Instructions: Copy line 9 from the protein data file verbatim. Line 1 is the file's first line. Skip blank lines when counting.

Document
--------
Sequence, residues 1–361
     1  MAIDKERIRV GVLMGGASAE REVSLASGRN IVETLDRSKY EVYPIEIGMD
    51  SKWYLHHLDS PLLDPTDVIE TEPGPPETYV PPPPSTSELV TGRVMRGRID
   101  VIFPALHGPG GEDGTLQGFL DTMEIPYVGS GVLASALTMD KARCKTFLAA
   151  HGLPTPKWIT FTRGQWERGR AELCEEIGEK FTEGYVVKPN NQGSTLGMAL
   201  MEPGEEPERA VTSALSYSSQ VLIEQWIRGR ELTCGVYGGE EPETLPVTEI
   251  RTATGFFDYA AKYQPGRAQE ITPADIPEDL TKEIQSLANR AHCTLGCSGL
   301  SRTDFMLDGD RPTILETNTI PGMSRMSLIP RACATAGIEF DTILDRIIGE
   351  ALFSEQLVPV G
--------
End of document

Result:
   351  ALFSEQLVPV G